|Publication number||US4616699 A|
|Application number||US 06/568,295|
|Publication date||Oct 14, 1986|
|Filing date||Jan 5, 1984|
|Priority date||Jan 5, 1984|
|Publication number||06568295, 568295, US 4616699 A, US 4616699A, US-A-4616699, US4616699 A, US4616699A|
|Inventors||Michael G. Grote|
|Original Assignee||Mcdonnell Douglas Corporation|
|Export Citation||BiBTeX, EndNote, RefMan|
|Patent Citations (16), Referenced by (43), Classifications (5), Legal Events (6)|
|External Links: USPTO, USPTO Assignment, Espacenet|
1. Field of the Invention
The present invention pertains to improvements in heat pipes adapted to transport large amounts of heat over long distances with small temperature loss in the process
2. Description of the Prior Art
The need for improved heat transfer devices is exhibited most urgently in handling temperature problems in satellites employing solar cell arrays that are periodically subjected to sunlight and darkness where extremes of shifts in temperature exist. It is appreciated that in sunlight high temperatures can cause problems of structural integrety maintenance, and in darkness equally damaging cold temperatures are encountered.
One solution for the heat-cold cycles is presented in Wyatt U.S. Pat. No. 3,152,774 of Oct. 13, 1964 where the cyclic extremes in temperature are controlled within tolerable limits by utilizing the latent heat properties of certain materials, particularly the latent heat of vaporization. The construction proposed in this patent uses sufficient metal only for structural purposes and the desired thermal capacity is obtained by using a fluid coolant material such as water, methyl chloride, or one of the Freons. The thermal capacity is supplied by the specific heat of the fluid, and importantly by the heat of fusion or by the heat of vaporization thereof. The function of heat control is carried out with a textile, flock or fibrous material which acts as a wick to transfer fluid to the high heat zones for vaporization and to zones of low temperature for condensation to the fluid state. The wick material is carried in light weight metallic structure, and the wick material is interrupted or is not intended to be continuous.
Another version of a heat pipe is disclosed in Kirkpatrick U.S. Pat. No. 3,735,806 of May 29, 1973 but in this device thermal energy is moved only in one direction corresponding to the gravitational force acting thereon. The transfer of thermal energy is by the convection process in one direction in which the exposed surfaces are thermally insulating and the internal structure has insulating properties and capillary structure has a high thermal impedance and becomes an isothermal evaporator.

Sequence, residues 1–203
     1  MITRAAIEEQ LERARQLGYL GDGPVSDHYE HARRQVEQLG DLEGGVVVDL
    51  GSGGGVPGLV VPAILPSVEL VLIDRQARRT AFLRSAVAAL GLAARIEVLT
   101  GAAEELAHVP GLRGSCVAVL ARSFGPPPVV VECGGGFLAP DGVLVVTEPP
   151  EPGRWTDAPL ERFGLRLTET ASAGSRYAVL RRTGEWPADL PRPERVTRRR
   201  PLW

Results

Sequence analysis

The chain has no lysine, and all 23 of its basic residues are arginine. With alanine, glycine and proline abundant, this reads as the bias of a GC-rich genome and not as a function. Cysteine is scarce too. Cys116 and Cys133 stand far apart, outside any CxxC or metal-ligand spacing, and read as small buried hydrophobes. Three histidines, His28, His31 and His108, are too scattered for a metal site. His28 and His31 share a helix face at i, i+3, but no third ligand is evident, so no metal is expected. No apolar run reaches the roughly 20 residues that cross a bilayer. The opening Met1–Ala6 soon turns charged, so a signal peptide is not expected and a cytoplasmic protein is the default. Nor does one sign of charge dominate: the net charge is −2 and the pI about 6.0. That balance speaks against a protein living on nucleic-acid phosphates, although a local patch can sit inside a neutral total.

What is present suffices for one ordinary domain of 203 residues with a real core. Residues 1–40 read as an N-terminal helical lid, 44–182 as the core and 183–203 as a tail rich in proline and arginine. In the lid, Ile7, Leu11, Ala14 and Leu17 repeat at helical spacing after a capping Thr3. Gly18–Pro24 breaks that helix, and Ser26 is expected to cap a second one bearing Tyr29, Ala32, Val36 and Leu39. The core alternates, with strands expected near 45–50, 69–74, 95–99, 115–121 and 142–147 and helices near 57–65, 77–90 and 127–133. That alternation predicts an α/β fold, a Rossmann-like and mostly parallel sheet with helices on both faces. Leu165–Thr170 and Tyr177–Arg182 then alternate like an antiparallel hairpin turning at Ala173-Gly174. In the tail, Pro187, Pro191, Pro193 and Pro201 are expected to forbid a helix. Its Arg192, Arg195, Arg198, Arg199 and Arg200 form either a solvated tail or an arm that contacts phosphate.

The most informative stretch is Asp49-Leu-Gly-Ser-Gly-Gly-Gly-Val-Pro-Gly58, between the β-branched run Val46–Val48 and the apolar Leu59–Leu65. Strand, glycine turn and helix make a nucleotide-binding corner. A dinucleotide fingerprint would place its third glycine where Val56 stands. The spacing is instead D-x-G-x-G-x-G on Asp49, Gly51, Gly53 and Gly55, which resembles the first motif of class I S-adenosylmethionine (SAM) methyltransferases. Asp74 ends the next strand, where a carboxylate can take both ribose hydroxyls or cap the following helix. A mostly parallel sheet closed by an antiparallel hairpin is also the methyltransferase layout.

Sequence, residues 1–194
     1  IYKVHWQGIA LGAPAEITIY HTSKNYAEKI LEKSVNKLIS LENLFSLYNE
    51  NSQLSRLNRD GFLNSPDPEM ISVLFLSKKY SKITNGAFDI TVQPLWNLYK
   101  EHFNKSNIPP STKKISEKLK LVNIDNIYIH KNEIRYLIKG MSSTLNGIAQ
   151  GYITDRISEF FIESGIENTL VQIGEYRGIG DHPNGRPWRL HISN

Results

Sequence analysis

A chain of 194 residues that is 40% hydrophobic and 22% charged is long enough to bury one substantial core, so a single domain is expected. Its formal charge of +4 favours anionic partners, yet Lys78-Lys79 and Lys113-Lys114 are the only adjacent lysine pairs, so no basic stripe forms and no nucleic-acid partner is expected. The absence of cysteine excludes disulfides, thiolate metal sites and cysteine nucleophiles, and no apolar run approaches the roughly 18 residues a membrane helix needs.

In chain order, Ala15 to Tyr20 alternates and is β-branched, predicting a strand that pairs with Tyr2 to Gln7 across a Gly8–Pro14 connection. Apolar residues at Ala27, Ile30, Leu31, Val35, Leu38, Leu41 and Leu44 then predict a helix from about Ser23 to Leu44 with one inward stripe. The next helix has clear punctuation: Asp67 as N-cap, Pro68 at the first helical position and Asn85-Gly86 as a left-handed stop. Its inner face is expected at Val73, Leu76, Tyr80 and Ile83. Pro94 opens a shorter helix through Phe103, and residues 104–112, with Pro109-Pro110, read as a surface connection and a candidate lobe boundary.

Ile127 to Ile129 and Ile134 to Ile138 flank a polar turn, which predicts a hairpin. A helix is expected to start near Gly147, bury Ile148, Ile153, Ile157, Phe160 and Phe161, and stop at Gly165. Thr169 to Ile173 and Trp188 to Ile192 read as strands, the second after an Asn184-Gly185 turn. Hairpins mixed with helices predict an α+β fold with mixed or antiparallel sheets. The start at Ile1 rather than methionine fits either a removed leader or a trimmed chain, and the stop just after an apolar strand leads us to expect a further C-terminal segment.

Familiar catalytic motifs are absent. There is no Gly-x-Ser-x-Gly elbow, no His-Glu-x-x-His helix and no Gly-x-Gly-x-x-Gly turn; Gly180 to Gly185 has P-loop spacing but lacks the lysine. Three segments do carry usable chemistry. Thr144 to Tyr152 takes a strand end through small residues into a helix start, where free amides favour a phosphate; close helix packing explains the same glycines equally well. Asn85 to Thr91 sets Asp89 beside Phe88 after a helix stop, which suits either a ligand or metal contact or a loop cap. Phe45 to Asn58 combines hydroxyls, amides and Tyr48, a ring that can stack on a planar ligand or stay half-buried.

Other devices in the heat pipe class are Eastman U.S. Pat. No. 4,274,479 of June 23, 1981; Asselman et al U.S. Pat. No. 3,811,496 of May 21, 1974; Paine et al U.S. Pat. No. 3,603,382 of Sept. 7, 1971 and Levedahl U.S. Pat. No. 3,498,369 of Mar. 3, 1970.
In accordance with the construction characteristics hereinafter to be disclosed, this invention is directed to the wick-fin heat pipe for substantially increasing the performance of heat pipe evaporators and condensers which are particularly useful for installations with large surface heat fluxes, of the order of from 20 to 100 watts per square centimeter, or for lower fluxes where high heat transfer coefficients are required.
The objects of the invention are to provide wick-fins having extended areas with a high thermal conductivity material, generally over 60 w/m/°C., to increase the heat transfer; to provide wick-fins to increase the allowable wall heat fluxes before nucleate boiling limits are reached by reducing local fin flux; to provide wick-fins which decrease the temperature drop because of increased effective area; and to provide wick-fins which increase the wicking performance by decreasing the wick pressure loss because of the increased wick flow area.
It is also an important object to provide a device for transporting large amounts of heat over long distances with small temperature drop, such as equipment that requires heat transport devices capable of accommodating large heat fluxes expressed in terms of watts per square centimeter of area. Such devices are classified as heat pipes which transport heat with small drops in temperature. The heat flux capacity of heat pipe evaporators and condensers of current designs is limited by the heat pipe wall area. In conventional designs evaporation or condensation takes place at the inner wall area where the meniscus attaches to the groove wall. The wick-fin is designed to overcome these current limitations.
In the drawing:
FIG. 1 is a longitudinal sectional view of a generally conventional heat pipe having grooves in the side wall;